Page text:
I can probably count on one hand the number of times I’ve been called “pretty”.
I’ve been called beautiful a few times, even “hot” once or twice, much to my astonishment. But pretty isn’t something I’ve much associated with myself and it’s not a word I’ve heard directed at me often.
To me, pretty things are small. Delicate. Elegant. They’re a bit fragile even, lovely to behold, nice to just linger over and look at for a while simply because they remind us of softer and gentler things in the world.
Needless to say, I’ve never felt like any of those things remotely related to me.
Being a woman in the world is complicated enough. My special blend of complexity includes being the kid of divorced parents, always struggling with my weight, being taught to be strong and independent and never to let anyone push me around, trying to embrace my intelligence while also being relatable and accessible to others, and trying to make my way in the world as a professional woman in an industry predominantly populated by men.
And as I climbed the proverbial ladder, it became less acceptable to be anything less than unflappable and articulate and strong in order to prove that I had earned the seat I was occupying at the table.
Doing that as a woman that is short and curvy and not slender and lithe adds an entire layer of crunchiness that is uncomfortable on the very best of days.
I think over the years, I’ve come to believe (or was taught…or both) that there are certain contradictions that I simply couldn’t overcome.
I couldn’t be intelligent and be fun to be around.
I couldn’t be curvy and plus-sized and be pretty.
I couldn’t be strong and independent and also want love and desire and companionship from someone.
I couldn’t have a dark side or sharp edges and be sentimental and gentle.
We learn in many ways to adapt to the overly-simplified narrative that other people write for us. I’ve spent way too many years believing that if I was one thing, I couldn’t be another.
And for all of my ability to advocate that other people should be allowed to be diverse and interesting and multi-dimensional, it turns out I’ve been pretty terrible at allowing the same latitude for myself, and accepting that what defines Me can be a set of complex, nuanced, detailed little things, all bundled up together in a tangle of contradictions, and they can all be perfectly, beautifully, authentically Amber.
I’ve been spending a lot of time with these juxtapositions in the last few months, for a few reasons. Some of which are mine alone to understand for right now.
But at the root of it all, there’s a singular truth: Too many years have gone by with me coloring inside lines that have been drawn for me.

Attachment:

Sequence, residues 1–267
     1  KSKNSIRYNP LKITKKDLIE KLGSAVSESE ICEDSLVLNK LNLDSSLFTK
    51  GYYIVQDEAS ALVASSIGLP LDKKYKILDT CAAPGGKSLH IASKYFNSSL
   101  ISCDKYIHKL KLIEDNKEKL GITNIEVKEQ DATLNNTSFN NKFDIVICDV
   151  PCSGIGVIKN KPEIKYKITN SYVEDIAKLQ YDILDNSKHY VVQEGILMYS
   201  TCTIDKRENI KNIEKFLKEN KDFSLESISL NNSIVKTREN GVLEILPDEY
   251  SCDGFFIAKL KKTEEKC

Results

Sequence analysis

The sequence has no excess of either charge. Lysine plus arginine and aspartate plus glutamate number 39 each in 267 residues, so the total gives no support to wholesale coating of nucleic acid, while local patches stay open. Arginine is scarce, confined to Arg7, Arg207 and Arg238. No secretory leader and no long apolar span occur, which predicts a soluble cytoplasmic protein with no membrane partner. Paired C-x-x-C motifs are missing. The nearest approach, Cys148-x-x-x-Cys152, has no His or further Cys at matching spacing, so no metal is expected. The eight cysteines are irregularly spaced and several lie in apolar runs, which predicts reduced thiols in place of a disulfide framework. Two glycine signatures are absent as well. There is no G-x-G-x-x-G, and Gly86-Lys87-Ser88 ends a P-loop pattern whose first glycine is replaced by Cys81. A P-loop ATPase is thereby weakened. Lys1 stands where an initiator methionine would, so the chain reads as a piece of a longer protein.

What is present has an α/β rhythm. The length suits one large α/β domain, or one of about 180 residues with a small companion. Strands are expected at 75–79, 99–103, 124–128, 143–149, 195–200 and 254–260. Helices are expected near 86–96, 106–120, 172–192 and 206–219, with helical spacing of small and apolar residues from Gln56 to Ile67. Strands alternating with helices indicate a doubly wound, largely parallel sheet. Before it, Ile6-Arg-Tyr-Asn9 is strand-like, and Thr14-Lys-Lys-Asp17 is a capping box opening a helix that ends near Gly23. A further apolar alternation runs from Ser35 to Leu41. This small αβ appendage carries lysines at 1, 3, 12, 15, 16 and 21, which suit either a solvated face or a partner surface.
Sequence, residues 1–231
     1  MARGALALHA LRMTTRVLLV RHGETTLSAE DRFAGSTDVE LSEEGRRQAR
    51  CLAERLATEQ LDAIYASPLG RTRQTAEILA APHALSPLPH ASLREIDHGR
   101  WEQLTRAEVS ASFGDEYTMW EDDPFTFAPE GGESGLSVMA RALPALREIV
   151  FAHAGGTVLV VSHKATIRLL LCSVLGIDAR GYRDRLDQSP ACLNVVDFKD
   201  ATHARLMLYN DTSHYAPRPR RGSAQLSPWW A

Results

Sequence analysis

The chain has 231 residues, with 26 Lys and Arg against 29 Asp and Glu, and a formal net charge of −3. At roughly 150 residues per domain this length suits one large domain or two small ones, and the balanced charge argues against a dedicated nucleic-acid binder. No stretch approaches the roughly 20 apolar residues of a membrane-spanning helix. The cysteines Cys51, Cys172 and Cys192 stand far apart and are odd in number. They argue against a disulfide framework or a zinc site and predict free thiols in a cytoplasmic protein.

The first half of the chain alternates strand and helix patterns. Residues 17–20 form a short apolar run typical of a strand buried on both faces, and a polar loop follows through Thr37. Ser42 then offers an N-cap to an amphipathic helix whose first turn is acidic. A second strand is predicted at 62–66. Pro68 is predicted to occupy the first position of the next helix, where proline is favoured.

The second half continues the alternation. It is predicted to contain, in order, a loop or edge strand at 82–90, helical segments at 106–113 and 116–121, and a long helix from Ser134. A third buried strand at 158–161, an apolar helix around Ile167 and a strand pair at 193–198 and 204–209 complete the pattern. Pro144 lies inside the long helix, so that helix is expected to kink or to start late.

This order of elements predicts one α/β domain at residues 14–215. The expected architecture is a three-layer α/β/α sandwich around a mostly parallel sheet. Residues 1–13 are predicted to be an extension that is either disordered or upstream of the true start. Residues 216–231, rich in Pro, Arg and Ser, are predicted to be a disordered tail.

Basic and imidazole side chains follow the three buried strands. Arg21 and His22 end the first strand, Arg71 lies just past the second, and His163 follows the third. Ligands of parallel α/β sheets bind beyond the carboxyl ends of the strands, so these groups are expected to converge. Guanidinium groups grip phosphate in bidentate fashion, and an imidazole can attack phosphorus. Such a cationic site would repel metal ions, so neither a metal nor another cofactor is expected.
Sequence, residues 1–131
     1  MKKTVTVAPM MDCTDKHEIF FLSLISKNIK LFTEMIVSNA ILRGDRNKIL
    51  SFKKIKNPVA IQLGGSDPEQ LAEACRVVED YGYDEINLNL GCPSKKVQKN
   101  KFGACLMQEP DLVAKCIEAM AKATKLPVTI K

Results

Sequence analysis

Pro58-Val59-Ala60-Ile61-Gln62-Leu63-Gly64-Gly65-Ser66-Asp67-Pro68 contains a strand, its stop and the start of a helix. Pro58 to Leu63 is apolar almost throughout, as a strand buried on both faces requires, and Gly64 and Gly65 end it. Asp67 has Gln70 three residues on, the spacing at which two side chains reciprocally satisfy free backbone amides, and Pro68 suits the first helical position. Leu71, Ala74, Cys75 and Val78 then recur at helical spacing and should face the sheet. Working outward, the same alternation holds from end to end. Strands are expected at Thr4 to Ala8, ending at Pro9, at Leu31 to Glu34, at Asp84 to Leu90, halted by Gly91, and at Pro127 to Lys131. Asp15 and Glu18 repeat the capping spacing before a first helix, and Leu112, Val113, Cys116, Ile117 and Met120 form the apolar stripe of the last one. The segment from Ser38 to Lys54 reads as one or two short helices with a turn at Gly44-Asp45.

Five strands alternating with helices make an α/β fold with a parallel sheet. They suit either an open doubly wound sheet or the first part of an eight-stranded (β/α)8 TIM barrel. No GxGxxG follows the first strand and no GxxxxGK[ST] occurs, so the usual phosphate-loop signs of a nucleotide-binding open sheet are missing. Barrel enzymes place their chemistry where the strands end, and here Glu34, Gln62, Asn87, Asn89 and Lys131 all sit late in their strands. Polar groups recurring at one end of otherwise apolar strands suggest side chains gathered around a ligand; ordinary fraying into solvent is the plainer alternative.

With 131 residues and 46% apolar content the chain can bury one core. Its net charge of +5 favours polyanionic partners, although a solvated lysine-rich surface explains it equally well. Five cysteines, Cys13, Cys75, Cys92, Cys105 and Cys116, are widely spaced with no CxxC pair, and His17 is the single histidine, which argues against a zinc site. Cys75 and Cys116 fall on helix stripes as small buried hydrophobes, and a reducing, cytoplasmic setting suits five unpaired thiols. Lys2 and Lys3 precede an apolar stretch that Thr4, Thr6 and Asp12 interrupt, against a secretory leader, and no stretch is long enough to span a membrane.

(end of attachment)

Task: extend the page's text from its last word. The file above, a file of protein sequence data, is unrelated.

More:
Do you know how hard that is to admit? That someone who people have often described as “irreverent” or “intimidating” or “tough” – someone who has spent an awful lot of words telling people to eschew convention in favor of realness – has allowed herself to be painted into corners of other people’s design?
There’s a lot to unpack there. I’m still working on it. Some of it is walls I’ve built, brick by brick, over many years and in the wake of many hurts and betrayals and abuses and the ensuing insecurities that made it feel safer to stay in my lane.
Some of it is because of expectations that have been set for me, either explicitly or implicitly by the people and environments that have influenced my life and career along the way. Some were well-intended. Some were laced with malice. But regardless, they all imprinted something on me, and the sum total of that after all this time has been the feeling that I had to accept what I was told about who I was, because the alternative was far too risky.
Maybe I just wasn’t brave enough to love and embrace who I really am. Maybe I’ve been so terrified of rejection and abandonment that I couldn’t face putting it all out there, waiting for someone to laugh and point and say “silly girl, if you’re this you can’t possibly be THAT, too”.
It’s not even about being “enough”. It’s about fundamentally, legitimately even being valid, being worthy of taking up space and being present in exactly the self that I am, contradictions and all.
So I don’t want to do that anymore. Feeling unworthy and incomplete makes me sad and angry, and it feels really lonely and isolating, because I can feel the part of me that’s been locked in that box, tucked away on a shelf somewhere. And she desperately wants out.
That’s what I’m doing. With the help of some people who love me and truly see me and want me to be by best, messy, intricate, unlabel-able self. And with the help of a little life-induced wisdom, a fair handful of years, and finally running out of patience with the idea that I should settle for anything less.
I’m starting to feel the knots loosen. The freedom of touching my feet to paths I have been too afraid to walk before. The liberation of believing – truly believing – that all the things I am can not only live in harmony, but that just maybe that beautiful mess of me is the way I was supposed to exist all along.
And who knows. Perhaps she’s pretty after all.